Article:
My goal is to bridge the gap between departments in order to deliver a connected experience. In this way, all teams will take on the project of improving our customer experience. As part of this, I’ll need to promote a design-thinking approach and a culture of prototyping.

One of the most painful symptoms of cross-department disconnection is that the various departments have different understandings of who our customers are and what their needs and motivations are. Each department takes their own point of view and treats the customer accordingly, thus preventing us from delivering a consistent and predictable customer experience. That’s why personas and customer journey mapping projects are so important. Once we build them, all Kiwis will be able to identify with our customers and start seeing the bigger picture of our service as a whole.

David sharing his experience at All About UX event (October 2017).

What other struggles do you foresee?

I lack people. Design teams I follow for inspiration, such as Airbnb or Dropbox, are usually populated by designers in a ratio of one designer to six developers, here it is 1:30. My team is understaffed and I want to scale their work so that they have time enough to do their work right. I realise that I will have to count on new members (both designers and researchers) being in our team, so I’m trying to set up the processes in a way that will work when there’s more of us, while ensuring that I’ll have time enough to teach and lead all of them.

You are in the planning and researching phase, but you’ve already taken the first steps and your vision is clear. Let’s imagine we meet again in twelve months, what did your team achieve?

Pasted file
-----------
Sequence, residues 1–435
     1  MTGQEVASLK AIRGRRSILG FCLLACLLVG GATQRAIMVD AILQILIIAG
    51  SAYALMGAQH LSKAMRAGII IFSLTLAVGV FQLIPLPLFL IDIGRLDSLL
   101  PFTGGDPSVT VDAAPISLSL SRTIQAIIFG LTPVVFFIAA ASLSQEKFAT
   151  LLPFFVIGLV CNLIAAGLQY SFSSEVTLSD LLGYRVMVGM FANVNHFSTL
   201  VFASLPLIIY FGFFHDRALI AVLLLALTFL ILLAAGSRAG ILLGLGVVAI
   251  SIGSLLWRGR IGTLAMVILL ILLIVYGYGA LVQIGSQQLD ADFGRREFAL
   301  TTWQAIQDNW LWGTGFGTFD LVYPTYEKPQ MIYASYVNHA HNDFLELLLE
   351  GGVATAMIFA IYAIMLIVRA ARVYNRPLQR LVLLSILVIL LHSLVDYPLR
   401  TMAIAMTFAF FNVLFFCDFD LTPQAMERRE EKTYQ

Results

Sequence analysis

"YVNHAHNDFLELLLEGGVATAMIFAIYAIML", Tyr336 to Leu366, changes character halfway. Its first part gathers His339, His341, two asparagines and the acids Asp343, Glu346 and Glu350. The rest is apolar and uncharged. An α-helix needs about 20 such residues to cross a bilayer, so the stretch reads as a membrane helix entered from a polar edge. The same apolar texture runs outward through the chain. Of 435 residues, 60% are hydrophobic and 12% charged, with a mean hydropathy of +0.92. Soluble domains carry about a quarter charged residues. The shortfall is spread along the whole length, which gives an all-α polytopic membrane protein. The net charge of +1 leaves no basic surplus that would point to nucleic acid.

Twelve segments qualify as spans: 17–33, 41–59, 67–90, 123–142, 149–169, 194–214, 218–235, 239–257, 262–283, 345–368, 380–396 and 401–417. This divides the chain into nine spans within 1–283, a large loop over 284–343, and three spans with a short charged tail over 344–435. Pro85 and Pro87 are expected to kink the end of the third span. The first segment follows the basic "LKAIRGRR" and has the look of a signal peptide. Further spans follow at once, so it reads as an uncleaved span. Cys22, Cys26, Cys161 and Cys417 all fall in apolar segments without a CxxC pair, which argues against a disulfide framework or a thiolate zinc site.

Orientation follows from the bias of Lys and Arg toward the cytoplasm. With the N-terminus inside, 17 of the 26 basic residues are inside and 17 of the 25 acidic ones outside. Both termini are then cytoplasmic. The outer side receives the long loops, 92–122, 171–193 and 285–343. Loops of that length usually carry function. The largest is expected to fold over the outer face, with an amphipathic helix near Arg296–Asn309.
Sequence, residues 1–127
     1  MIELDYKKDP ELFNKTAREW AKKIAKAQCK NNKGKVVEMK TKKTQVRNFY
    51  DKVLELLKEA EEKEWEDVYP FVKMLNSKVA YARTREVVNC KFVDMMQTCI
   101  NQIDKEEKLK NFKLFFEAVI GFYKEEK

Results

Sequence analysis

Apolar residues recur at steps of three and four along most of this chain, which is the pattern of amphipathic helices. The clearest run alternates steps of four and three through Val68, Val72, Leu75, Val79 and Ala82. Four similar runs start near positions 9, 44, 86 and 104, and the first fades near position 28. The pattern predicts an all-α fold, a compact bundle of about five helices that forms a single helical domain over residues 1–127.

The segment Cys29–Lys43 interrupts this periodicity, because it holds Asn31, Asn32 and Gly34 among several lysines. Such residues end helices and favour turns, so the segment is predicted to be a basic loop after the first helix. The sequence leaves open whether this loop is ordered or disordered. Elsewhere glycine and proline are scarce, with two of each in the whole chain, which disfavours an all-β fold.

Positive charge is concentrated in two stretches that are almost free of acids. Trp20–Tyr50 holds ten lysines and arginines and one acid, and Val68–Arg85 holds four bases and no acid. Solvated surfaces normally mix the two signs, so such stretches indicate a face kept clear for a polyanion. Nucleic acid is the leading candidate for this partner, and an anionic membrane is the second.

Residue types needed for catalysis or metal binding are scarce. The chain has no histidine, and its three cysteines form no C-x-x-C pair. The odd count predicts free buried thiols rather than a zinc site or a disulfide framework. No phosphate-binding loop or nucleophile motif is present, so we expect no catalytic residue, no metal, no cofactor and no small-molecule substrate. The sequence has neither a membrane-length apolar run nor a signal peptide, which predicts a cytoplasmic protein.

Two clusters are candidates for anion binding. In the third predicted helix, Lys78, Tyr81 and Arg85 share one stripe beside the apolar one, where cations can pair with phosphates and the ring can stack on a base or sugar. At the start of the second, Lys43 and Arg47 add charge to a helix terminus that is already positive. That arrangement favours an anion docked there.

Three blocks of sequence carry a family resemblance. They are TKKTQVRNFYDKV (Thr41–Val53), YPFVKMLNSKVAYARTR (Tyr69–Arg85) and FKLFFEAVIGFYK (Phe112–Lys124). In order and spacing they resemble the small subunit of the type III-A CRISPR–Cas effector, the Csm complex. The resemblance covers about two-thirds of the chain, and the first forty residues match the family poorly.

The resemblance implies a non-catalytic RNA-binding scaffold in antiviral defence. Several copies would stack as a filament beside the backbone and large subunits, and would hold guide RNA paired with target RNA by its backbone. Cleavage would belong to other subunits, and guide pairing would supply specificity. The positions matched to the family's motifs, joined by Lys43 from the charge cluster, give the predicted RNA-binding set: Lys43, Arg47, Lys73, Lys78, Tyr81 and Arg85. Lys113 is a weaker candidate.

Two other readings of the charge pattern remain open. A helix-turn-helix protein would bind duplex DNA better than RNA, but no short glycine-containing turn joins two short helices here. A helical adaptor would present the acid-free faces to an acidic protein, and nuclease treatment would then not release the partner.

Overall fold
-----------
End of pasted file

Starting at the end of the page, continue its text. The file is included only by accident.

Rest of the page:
In a year, I want to achieve four things. Firstly, to describe the different personas and have a clear idea of who they are and what their customer journeys look like.

Then formulate an experience strategy, know what we want to deliver and how the experience should look. This will determine the direction of our products what we should develop.

Another achievement I’m aiming for is the establishment of a smart innovation culture where my team will play a crucial role.

Last but not least, I want to achieve a visual consistency across the whole Kiwi.com portfolio and communication — to correlate our web, mobile app, marketing channels and wherever else we expose the Kiwi.com brand.

Besides these long-term objectives, there’s a bunch of other projects on my plate that you may see published in our product and internal processes in the upcoming weeks and months.

Thanks for your time and good luck with your plans!

— — — — — — —

On October 5, David moderated a panel discussion on UX. Watch the recording on our YouTube Channel and learn more about his experience as a UX designer.

Do you want to be part of David’s team? — Check out our open positions, David plans to grow the Experience Design Team, so your chances are strong.